My view would be that all delegations should be pulled back into a central area and that the FOIs and AWIs remain the eyes and ears—the experienced people in the field—who have to report through a system which then puts some quality assurance into the surveillance. If there is an immediate and obvious threat to safety, obviously they can act or the system can be developed to act quickly. But the real issue at the moment is that those delegations operate in direct conflict with the concepts of quality assurance, a consistent approach and a transparent approach to doing business. You see that in the Administrative Appeals Tribunal, where the role of individual FOIs has been challenged by the AAT. In some cases, the AAT has made in my view some quite significant criticisms. One FOI in a particular case was described as being unhelpfully over muscular, which in the language of the law is quite a strong criticism. What we are seeing is a systemic conflict.

Senator O’BRIEN —I assume that that was not a physical description.

Mr Hurst —It was a description of his attitude. The problem that we run into is that the system—the process—sets up a conflict. The system and policies should be used to drive much better quality assurance.

Senator O’BRIEN —The nub of your submission is not that these people should not use initiative but that they should be better trained and better equipped with standards and guidelines to allow them to do their job and that there should be some oversight of their discretion. Is that what you are saying?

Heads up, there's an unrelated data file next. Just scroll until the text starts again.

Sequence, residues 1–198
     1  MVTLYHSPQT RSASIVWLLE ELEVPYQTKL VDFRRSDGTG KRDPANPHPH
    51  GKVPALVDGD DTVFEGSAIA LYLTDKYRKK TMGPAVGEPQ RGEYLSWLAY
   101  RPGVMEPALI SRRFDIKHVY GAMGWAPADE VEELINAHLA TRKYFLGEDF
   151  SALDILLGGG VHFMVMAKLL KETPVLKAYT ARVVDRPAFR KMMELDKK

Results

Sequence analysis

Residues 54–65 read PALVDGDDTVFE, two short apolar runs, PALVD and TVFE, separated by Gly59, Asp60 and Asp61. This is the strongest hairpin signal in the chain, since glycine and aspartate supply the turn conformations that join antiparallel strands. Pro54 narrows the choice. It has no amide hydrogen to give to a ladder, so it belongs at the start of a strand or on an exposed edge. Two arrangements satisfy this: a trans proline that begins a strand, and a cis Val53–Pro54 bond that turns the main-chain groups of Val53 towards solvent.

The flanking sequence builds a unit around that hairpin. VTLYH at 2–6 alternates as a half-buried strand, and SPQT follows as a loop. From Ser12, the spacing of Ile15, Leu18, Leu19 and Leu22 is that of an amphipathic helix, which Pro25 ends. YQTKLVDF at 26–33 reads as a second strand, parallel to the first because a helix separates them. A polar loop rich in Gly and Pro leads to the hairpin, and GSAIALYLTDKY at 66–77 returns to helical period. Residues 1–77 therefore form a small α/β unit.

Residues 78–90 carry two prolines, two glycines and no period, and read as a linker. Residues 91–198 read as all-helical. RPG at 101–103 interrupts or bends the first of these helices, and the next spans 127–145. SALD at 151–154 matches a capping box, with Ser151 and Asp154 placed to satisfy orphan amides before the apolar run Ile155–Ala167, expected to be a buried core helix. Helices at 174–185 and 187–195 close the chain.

Mr Hurst —Absolutely.

Senator O’BRIEN —I would not want a field officer to be so constrained that they were frightened to take action that they thought was necessary.

Mr Hurst —As I said earlier, when we gave our Ray Mackay Award to Aussie Pratt, the issue was not that we were trying to capture him. The issue was that at all times he has been an excellent example of a person who has been able to maintain his independence—be fiercely independent and critical of operators when he goes to do an audit—but to do his job in the interest of improving safety. The job is not done in the interest of saying: ‘Aha! Gotcha! Now I’m going to make your life a misery.’ It is a cultural aspect to the way that people approach their job. Because the culture has to be broken down, the best way to do that—in our view—is through policy development and policy driving a series of systems which do not remove the discretion but certainly inform the FOIs and AWIs about how they should be doing their jobs in a responsible and cooperative manner.